We adopted a “self-blend” model, in which all students in grades 6-12 have a full menu of both cyber and blended learning options taught by teachers employed by the school district. Self-blend is a term coined by Michael Horn, co-author of Disrupting Class and a co-founder of the Innosight Institute, which is a not-for-profit, nonpartisan think tank whose mission is to apply Harvard Business School Professor Clayton M. Christensen’s theories of disruptive innovation to develop and promote solutions to the most vexing problems in education. Some students can earn a district diploma as full-time cyber students. Others graduate having taken their course work in a traditional face-to-face setting. Most students use a combination that includes blended and cyber courses.

Our district’s 80-plus online courses — in all core areas, electives, honors and AP subjects — are taught by certified public school teachers. Some students come to the high school for the full day, some for a handful of class periods and others not at all. Students can choose which learning environment best meets their needs, and they are supported by their teachers in whatever venue they pick. Cyber students are eligible to participate in extracurricular activities and interscholastic sports.

Since our program started four years ago, student achievement has increased along with an expansion in course offerings, gaining the Quakertown Community School District national and international attention. Our district was the recipient of the 2011 Innovative Program Award from the International Association for K-12 Online Learning.

We are a Project RED Signature District, meaning we participate in a professional community that conducts research on technology integration. Project RED released “The Technology Factor: Nine Keys to Student Achievement and Cost-Effectiveness,” a study of 1,000 schools’ use of classroom technology to influence academic success, reduce dropout rates and disciplinary actions, increase graduation rates and improve high-stakes test scores.

In addition, Quakertown was one of three featured school districts on Digital Learning Day in 2013, sponsored by the Alliance for Excellent Education.

Union Collaboration
Using our own teachers, rather than contracting with outside providers led to support by the local and regional teachers’ association. The only exception is when a certified district teacher is not available for a specialized course, such as Mandarin Chinese, Japanese and Latin. The local union president, Chris Roth, himself a teacher of online classes in math and social studies, recognizes a need to embrace 21st-century learning experiences.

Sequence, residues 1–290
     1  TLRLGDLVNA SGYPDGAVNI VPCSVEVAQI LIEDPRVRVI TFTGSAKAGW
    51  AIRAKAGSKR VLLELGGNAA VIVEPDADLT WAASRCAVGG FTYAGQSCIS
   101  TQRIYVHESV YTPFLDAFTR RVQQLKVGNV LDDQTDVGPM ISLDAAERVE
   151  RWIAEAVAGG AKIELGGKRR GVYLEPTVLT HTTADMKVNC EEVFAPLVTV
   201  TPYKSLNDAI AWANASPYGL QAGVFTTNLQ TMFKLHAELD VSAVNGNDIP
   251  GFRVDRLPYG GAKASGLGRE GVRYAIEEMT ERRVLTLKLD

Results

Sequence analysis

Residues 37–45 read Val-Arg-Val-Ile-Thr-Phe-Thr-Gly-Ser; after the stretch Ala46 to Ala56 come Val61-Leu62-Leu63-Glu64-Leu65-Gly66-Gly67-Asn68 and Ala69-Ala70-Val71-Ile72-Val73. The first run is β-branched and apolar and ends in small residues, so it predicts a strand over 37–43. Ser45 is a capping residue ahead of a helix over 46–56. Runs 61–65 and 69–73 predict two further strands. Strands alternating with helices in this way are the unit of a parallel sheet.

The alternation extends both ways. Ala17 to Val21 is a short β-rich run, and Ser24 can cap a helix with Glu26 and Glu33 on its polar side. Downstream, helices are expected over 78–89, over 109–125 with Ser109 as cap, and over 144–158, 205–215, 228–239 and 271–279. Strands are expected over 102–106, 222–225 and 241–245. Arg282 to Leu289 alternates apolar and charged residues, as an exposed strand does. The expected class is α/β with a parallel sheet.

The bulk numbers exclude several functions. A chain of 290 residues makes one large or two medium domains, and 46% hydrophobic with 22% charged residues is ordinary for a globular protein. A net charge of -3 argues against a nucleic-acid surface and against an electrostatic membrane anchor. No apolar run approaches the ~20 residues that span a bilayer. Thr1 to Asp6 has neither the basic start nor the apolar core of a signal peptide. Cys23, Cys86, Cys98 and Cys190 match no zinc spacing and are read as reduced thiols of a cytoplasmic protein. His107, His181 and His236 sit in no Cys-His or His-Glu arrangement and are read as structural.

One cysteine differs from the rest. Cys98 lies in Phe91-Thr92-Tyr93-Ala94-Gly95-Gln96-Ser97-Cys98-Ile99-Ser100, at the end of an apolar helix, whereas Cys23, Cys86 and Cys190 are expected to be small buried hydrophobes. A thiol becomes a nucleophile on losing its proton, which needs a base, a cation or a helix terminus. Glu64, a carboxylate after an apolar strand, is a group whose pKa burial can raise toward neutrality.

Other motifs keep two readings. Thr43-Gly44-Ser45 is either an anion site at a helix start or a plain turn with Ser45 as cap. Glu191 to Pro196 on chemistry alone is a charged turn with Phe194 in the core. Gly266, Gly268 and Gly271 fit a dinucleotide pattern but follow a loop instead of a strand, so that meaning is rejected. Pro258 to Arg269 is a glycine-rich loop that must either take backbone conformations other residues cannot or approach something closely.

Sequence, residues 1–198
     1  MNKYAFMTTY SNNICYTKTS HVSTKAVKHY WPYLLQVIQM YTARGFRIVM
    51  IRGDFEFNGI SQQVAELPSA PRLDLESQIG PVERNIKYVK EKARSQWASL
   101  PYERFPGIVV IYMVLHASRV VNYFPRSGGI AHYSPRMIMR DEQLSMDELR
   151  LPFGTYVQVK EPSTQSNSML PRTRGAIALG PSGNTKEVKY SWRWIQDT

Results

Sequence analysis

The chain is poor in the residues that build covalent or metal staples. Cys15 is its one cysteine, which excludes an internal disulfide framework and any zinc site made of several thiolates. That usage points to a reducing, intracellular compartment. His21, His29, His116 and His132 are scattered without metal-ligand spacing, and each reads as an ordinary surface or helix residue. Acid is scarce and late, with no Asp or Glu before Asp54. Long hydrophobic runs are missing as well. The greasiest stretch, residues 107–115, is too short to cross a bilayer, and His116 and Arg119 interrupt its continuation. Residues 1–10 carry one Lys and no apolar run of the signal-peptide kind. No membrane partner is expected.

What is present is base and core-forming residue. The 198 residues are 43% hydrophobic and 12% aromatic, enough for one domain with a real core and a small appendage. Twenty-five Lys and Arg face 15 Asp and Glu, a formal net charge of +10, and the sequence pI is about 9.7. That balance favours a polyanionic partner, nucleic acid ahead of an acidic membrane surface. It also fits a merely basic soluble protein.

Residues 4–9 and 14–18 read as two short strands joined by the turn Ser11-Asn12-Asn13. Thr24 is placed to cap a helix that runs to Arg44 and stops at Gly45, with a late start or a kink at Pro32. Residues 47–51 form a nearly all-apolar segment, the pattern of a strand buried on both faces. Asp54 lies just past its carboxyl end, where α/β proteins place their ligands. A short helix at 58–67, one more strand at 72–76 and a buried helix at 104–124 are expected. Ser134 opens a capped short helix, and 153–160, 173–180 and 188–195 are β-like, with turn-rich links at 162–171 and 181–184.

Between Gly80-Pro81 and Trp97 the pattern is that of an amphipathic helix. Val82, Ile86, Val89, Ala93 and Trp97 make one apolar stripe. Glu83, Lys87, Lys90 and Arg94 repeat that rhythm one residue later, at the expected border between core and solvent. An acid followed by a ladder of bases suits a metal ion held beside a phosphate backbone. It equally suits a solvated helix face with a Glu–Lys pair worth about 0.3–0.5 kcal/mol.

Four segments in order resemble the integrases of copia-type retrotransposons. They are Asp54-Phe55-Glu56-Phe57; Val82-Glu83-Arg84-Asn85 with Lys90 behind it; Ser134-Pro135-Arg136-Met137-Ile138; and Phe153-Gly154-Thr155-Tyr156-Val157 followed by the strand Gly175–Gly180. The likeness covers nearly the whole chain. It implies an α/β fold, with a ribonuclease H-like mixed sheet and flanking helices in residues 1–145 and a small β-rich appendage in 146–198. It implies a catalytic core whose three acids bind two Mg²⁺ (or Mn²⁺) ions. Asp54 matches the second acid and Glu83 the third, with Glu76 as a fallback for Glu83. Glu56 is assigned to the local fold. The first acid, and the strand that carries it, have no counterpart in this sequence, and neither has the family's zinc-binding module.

“Online learning has helped to preserve positions in QCSD,” Roth says. “There is no reason we cannot compete with cyber charters and keep the funding within the school district by providing our students with the highest quality instruction they have come to expect from Pennsylvania public school teachers.”

The union contract language views cyber learning as a traditional assignment. Time for the cyber class is part of the school-day schedule for teachers, except no students are physically in the classroom at that time. Collaborative conversations with district administration led to contract guidelines regarding class size (which mirror traditional class-size guidelines), planning and professional development.

Adoption Hurdles
Moving into online course delivery was not without difficulties, despite having a tech-savvy teaching staff. How hard could it be to have them create and teach their lessons “cyberly,” using a term invented by Anita Serge, the high school principal at the time of the start-up? But we knew we were in trouble when one teacher asked for a scanner so he could turn all his work into PDFs, an early misguided attempt in creating engaging online content. Professional development for staff needed to change instruction drastically. Teachers began their online courses with only two days of training on Blackboard, the online learning management system. During the first year, the then-technology director, Chris Harrington, called upon the expertise of Performance Learning Systems, specialized professional development consultants, which provided teachers with job-embedded skills training for tapping into the power of the Internet and technology tools to create and sustain engaging lessons.